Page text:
HPV is a sexually transmitted virus that can lead to not only cervical, vaginal and vulvar cancer, but also genital warts. More than 150 strains of the virus exist and range in severity, with some causing no symptoms at all and others being potentially deadly. HPV-16 and HPV-18 alone are responsible for almost 70 percent of all cervical cancers, as well as other cancers that affect the throat, anus, and genital areas. Cancers can take years to develop after an initial HPV infection.
Other than lifelong abstinence, vaccinations are the best way to prevent the development of cancers caused by HPV. The Office of Disease Prevention and Health Promotion recommends that teenagers between the age of 13 and 15 should be vaccinated against HPV.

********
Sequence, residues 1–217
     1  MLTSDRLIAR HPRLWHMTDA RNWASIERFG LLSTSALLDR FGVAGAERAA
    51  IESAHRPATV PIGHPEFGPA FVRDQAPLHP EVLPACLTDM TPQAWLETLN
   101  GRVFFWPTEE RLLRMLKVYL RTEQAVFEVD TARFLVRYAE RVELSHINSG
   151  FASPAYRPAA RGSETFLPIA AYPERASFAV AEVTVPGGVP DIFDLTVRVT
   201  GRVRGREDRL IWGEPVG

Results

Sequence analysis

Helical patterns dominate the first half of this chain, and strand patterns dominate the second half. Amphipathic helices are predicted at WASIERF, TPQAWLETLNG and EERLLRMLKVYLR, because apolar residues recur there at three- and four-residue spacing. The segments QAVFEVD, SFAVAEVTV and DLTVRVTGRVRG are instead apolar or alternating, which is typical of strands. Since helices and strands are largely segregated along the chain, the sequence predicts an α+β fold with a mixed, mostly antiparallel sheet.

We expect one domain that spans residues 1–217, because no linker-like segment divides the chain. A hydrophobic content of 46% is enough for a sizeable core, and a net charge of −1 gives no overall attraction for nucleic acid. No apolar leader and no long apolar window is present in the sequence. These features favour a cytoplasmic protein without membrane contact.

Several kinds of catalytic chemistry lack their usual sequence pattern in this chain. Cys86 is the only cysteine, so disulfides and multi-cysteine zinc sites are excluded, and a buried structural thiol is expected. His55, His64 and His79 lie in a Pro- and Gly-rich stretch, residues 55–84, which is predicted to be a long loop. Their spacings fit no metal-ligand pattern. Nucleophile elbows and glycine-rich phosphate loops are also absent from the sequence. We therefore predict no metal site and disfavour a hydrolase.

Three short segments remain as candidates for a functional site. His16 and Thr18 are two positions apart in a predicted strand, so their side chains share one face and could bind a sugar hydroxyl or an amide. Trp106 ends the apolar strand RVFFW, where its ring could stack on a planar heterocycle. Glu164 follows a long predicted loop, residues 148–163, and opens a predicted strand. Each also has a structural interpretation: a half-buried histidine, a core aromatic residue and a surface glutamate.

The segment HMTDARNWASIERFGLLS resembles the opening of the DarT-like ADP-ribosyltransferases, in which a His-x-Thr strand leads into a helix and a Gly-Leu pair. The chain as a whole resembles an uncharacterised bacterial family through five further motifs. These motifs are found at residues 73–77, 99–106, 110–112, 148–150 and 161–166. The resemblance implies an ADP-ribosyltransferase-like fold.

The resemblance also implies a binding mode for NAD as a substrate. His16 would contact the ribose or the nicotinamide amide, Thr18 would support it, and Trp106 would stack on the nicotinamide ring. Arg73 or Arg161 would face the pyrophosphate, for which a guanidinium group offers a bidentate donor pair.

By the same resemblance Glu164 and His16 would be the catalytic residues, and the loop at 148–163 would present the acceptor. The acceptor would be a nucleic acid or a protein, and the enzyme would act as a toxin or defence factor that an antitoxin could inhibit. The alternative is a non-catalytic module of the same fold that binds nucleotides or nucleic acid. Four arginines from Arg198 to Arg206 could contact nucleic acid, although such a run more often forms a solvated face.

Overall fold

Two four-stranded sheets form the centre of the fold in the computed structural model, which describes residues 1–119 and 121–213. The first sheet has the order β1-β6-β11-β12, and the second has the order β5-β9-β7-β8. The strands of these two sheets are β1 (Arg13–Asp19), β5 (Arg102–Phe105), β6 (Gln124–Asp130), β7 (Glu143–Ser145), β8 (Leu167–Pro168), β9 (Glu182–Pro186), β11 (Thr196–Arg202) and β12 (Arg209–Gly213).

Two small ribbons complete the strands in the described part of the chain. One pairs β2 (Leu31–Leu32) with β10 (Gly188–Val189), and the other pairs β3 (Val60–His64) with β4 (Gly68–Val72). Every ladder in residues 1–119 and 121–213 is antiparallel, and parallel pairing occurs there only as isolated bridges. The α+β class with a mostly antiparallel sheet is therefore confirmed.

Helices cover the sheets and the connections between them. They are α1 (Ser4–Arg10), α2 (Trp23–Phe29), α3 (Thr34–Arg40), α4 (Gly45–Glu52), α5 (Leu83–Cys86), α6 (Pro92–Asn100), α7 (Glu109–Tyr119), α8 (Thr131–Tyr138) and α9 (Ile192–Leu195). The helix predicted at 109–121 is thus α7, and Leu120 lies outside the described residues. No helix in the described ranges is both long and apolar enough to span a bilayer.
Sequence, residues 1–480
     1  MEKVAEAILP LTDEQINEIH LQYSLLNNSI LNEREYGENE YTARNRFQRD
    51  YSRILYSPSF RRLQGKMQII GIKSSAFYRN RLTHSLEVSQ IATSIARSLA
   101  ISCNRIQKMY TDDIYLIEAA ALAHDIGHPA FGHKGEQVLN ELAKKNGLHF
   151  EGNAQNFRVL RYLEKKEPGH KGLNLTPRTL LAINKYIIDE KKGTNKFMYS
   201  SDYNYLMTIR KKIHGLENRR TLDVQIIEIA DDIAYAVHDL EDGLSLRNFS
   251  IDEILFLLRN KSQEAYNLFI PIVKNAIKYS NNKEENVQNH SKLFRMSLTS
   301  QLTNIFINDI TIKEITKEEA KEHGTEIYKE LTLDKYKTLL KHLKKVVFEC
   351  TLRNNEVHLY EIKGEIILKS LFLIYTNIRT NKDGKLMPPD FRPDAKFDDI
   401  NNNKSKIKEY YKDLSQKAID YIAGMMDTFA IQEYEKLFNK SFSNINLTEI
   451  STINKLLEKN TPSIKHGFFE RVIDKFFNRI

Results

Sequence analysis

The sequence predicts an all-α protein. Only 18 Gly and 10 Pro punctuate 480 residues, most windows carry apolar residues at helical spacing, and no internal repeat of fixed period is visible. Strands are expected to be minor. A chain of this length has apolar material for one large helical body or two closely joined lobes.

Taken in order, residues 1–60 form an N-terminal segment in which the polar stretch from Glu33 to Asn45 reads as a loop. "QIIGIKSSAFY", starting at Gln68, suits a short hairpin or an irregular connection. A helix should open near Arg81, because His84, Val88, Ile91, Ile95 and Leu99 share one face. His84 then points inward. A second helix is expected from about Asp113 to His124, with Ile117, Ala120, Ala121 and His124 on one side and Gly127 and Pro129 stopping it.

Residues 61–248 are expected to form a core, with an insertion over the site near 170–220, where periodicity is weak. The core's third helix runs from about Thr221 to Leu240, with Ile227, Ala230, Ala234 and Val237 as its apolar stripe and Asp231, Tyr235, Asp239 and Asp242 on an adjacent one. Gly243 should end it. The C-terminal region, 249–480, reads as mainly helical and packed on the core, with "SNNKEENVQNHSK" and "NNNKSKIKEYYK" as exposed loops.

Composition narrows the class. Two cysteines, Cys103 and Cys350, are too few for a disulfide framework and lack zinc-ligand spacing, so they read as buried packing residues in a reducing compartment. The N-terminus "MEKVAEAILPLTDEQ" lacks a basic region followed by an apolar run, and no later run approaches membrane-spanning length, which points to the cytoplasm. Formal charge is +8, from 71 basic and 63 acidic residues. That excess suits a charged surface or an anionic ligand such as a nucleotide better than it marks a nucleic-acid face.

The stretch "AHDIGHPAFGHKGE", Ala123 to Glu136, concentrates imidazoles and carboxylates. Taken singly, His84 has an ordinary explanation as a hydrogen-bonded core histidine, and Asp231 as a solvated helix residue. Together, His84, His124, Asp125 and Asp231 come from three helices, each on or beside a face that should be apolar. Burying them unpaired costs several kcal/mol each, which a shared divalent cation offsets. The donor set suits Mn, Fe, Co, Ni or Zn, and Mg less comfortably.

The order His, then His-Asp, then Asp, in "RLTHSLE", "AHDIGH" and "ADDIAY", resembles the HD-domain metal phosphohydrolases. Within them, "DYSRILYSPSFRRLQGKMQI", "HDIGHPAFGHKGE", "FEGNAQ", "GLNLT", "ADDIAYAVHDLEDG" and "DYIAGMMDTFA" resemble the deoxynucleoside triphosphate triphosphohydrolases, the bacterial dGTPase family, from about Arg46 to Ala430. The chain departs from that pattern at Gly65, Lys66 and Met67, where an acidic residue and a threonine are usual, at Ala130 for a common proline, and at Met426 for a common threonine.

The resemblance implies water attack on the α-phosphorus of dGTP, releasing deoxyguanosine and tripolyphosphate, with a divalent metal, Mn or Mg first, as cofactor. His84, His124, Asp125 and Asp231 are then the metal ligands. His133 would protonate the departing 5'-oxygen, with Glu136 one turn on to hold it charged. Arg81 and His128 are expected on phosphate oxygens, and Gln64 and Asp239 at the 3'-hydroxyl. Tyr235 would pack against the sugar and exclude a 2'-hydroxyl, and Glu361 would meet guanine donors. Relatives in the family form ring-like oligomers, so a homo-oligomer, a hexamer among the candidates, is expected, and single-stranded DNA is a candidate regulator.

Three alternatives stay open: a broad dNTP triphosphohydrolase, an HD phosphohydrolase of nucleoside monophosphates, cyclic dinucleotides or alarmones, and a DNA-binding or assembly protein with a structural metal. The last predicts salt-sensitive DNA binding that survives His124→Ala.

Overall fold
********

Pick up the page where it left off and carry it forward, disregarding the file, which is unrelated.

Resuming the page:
A Pap test can detect cancerous or precancerous changes to the cervix, but cervical cancer is the only HPV-related cancer with a screening. As a result, it’s critical for children, teens and young adults to receive this vaccination to reduce their risk for infection.
Women can be tested for HPV during a routine Pap test. Co-testing for HPV and cervical cancer allows for earlier treatment if done on a routine basis. Talk with our women’s health specialist about these guidelines to make sure you’re protecting yourself against HPV and cervical cancer.
- Women under 30 should receive a Pap test every three years (every year), but they may only require HPV testing if abnormal results are found during the Pap test.
- Women over 30 should receive co-testing for both HPV and cervical cancer every five years, or they can continue to receive a normal Pap test every three years (every year).